I have my tutors at University of Brighton to thank for inspiring and fuelling my research and challenging my 2D and 3D design development as well as the technicians for helping me with pattern cutting and construction. 



Where do your main influences for Planet B come from?


I would say the 'DVD Dress’ because of the unique use of material, 'Velvet String Dress’ because of the way it was constructed and it’s transformation from coat to dress and 'Space Cowboy Trench’ for how it combines both the spacesuit and western features within its design and how its made from recycled leather (made from the ground up then pressed leather accessories and shoes). It was also the most challenging to make as the material was thicker, as it's typically used for upholstery. Therefore, it was very rewarding to finish. he designs. Which is juxtaposed by the more sensual undergarments inspired by 70s lingerie and costumes worn by Barbarella.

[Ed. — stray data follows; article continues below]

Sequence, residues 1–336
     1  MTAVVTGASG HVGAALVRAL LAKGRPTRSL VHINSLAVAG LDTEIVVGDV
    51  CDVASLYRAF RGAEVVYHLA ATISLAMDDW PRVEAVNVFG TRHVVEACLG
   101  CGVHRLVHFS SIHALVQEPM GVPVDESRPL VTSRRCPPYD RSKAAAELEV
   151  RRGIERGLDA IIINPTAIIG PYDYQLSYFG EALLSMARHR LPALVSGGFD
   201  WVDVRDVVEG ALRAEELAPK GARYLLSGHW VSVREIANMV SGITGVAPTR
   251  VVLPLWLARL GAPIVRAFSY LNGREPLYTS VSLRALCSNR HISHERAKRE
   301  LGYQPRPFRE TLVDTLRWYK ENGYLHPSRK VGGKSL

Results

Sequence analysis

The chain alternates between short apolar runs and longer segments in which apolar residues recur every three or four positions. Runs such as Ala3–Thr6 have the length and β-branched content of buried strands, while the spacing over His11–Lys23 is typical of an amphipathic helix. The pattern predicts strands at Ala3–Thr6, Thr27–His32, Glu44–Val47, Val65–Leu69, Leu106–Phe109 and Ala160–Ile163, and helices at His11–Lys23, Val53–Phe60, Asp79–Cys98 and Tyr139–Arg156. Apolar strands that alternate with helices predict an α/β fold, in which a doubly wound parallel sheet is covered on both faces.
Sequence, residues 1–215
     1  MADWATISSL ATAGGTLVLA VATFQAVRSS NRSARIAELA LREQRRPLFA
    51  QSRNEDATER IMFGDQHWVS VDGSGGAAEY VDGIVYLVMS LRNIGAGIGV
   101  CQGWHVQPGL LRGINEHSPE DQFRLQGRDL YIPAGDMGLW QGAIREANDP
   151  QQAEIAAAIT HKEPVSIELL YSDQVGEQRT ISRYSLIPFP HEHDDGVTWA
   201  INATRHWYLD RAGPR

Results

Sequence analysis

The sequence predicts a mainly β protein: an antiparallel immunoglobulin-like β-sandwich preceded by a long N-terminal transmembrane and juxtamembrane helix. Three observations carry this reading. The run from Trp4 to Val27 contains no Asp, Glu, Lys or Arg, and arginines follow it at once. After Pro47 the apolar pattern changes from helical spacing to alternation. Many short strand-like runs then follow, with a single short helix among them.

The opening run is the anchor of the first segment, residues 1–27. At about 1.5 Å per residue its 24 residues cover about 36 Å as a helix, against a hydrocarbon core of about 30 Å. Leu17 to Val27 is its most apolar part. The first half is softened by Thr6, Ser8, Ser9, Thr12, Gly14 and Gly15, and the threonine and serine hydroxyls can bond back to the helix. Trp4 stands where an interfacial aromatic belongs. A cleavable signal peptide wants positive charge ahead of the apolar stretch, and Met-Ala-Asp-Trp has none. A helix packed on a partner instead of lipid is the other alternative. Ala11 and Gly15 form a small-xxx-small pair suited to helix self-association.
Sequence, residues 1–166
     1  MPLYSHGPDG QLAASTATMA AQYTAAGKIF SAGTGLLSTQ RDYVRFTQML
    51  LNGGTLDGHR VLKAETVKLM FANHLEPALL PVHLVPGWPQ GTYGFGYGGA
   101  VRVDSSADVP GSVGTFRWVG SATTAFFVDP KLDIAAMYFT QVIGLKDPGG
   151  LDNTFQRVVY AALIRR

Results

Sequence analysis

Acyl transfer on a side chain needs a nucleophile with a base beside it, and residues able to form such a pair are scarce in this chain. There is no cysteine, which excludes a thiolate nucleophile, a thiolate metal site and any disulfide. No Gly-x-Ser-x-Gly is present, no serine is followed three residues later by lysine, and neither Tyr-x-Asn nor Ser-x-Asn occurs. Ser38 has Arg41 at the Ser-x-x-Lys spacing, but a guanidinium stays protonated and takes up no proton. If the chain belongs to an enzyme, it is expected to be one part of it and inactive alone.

-Space Films: ‘Barbarella’ and ‘Forbidden Planet’

-Americana cowboys/rodeo Girls 

-60s/70s Space Age

-60s/70s Vogue catalogues 

-80s/90s Donna Colleziono/ID/Dazed catalogues

-Key Designers: Paco Rabanne, Thierry Mugler, Nudie Cohn 



Describe the clientele of Planet B?


Planet B is made for fun, seductive and confident young women, with a love for sustainable fashion and supporting the slow and ethical fashion movement.



The collection is remarkable for being eco-friendly, why do you think it's important to create sustainable garments?